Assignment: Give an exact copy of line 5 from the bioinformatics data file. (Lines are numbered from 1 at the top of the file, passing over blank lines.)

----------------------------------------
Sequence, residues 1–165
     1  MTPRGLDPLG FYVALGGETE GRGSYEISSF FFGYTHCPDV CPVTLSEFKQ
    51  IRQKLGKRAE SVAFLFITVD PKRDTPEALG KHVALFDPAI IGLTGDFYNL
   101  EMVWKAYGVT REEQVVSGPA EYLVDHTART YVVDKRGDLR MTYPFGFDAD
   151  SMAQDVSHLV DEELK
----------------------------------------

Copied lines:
   151  SMAQDVSHLV DEELK